MicroRNA-like small RNA encoded by dengue virus (DENV)

Dengue virus (DENV), a single-stranded RNA virus, leads to widespread mortal diseases affecting many people all over the world [49, 50]. There are four different serotypes of DENV, includes DENV-1, DENV-2, DENV-3, and DENV-4 [51]. Mazhar et al. [52] demonstrates the production of a functional microRNA-like viral small RNA (vsRNA) encoded by DENV-2. Further research about six vsRNAs derived DENV demonstrates the suppression of DENV-vsRNA-5 may cause obvious increases in the replication of DENV. Besides, experiments illustrate that DENV-vsRNA-5 targets the nonstructural protein 1 (NS1) sequences of DENV and as a result regulates viral genome negatively.

MicroRNA-like small RNA encoded by H5N1 influenza virus

H5N1 influenza virus, a single-stranded and negative-sense RNA, leads to the highest mortality in all influenza viruses [53]. It is reported that H5N1 influenza virus generates a microRNA-like small RNA, which was named miR-HA-3p. MiR-HA-3p is produced out of a stem loop-including viral RNA precursor cleaved by Ago 2 using Solexa sequencing, qRT-PCR assays and northern blot [54]. Further research demonstrates that the suppression of poly (rC)-binding protein 2 (PCBP2), which is an negative regulator of RIG-I/MAVS regulated by miR-HA-3p could induce ‘cytokine storm’ in H5N1 virus infected macrophages of mice and human. This discovery provides a possibly efficient treatment strategy to deal with H5N1 infection, which is based on antagomir-HA-3p.

MicroRNA-like fragment encoded by Ebola virus (EBOV)

EBOV is a negative-strand RNA virus which duplicates in the cytoplasm and leads to a severe hemorrhagic fever [55]. It is reported that EBOV can encode miRNA-like fragment to destroy host immune defenses [56, 57]. Chen et al. [58] speculates three pre-miRNAs by the EBOV/Yambuku-Mayinga sequence and keeps one pre-miRNA after alignment with 125 EBOV genomes, then this pre-miRNA creates one mature miRNA sequence, miR-VP-3p. Further research discovers the miRNA-like fragment exists in serum of Ebola virus disease (EVD) patients by Northern blotting, qRT-PCR and TA-cloning/sequencing. Interesting, subsequent consequences discover that this miRNA-like fragment exists during the acute phase but not during recovery phase in the serum of EBOV-positive patients. With great clinical importance, this miRNA-like fragment is detectable before the detection of Ebola genomic RNA, which may improve the diagnosis of EVD.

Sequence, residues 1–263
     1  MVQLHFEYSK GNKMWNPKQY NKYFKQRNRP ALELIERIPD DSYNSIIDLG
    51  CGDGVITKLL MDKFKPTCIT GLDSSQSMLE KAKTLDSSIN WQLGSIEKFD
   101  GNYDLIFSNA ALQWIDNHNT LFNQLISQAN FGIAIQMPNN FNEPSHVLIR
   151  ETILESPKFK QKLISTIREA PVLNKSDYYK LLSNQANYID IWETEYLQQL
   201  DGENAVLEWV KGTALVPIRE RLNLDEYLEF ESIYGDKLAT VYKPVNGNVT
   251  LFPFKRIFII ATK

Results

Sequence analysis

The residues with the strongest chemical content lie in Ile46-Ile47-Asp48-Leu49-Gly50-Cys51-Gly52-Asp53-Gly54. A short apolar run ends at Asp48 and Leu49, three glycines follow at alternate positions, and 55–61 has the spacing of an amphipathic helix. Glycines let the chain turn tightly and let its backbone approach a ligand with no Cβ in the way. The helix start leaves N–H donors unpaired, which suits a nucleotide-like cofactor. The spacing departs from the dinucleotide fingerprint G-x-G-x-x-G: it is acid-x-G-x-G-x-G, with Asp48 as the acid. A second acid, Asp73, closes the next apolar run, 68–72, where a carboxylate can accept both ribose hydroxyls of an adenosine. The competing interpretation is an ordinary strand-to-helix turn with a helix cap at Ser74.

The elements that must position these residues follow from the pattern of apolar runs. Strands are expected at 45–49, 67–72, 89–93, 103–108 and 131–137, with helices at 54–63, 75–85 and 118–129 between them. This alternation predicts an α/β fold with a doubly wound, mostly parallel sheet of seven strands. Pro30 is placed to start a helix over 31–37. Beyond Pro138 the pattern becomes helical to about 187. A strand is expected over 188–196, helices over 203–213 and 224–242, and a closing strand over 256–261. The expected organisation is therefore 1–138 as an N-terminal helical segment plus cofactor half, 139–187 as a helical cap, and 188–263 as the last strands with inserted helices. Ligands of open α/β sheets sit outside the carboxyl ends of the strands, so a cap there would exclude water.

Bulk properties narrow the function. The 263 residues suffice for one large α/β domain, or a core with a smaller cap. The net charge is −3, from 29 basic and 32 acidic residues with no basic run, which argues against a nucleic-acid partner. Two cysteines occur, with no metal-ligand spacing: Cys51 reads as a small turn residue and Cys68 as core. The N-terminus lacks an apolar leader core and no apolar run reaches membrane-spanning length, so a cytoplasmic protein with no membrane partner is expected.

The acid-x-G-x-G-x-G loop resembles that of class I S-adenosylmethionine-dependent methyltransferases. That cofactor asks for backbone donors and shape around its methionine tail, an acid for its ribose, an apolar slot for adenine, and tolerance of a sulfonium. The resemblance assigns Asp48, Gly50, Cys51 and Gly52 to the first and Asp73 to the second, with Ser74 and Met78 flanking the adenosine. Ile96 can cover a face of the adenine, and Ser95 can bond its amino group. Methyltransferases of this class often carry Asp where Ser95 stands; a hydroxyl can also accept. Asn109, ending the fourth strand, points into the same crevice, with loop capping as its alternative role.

Perspective

Gene expression of virus might be influenced by cellular miRNAs, and gene expression of cell and virus might be influenced by viral miRNAs. MiRNAs encoded by DNA viruses are properly demonstrated. The possibility of DNA viruses to encode miRNAs is less surprising because DNA viruses have giant genome size and are capable of duplicating in nucleus and associate with a lot of host proteins [25]. While whether RNA viruses express miRNAs in a homothetic way to host miRNAs continues to be in dispute. In the past few years, several publications have put forward the capability of RNA viruses to encode miRNAs. The function of miRNAs in pathogenesis and replication of RNA virus begins to come up. Even if what we realize with respect to miRNAs and RNA viruses is stirring, it’s quite limited and requires further exploration. In the near future, studies will not only enhance our total comprehension of RNA virus-encoded miRNA, but also supply critical informations about the evolution of miRNA-mediated adjustment of infection caused by RNA virus and potentially new insights of therapeutic relevance.

Abbreviations

ALV:

Avian leukosis virus

BFV:

Bovine foamy virus

BLV:

Bovine leukemia virus

DENV:

Dengue virus

DGCR8:

DiGeorge-syndrome critical-region protein 8

DNA:

Deoxyribonucleic acid

dsRNA:

double-stranded ribonucleic acid

EBOV:

Ebola virus

EBV:

Epstein-Barr virus

HIV:

Human immunodeficiency virus

LTR:

the long terminal repeats

miRNA:

micro ribonucleic acid

NS1:

Nonstructural protein 1

PCBP2:

Poly (rC)-binding protein 2

Pol II:

RNA polymerase II

Pre RNA:

precursor ribonucleic acid

RISC:

RNA-induced silencing complex

RNA:

micro ribonucleic acid

RSV:

Rous Sarcoma Vir

svrRNA:

small viral regulatory ribonucleic acid

TAR:

Transactivation responsive ribonucleic acid

UTR:

Untranslated region

WNV:

West Nile virus

XSR:

exogenous virus-specific region

References

  1. 1.

    Lagos-Quintana M, Rauhut R, Lendeckel W, et al. Identification of novel genes coding for small expressed RNAs. Science. 2001;294(5543):853–8.

    CAS  PubMed  Article  Google Scholar 

  2. 2.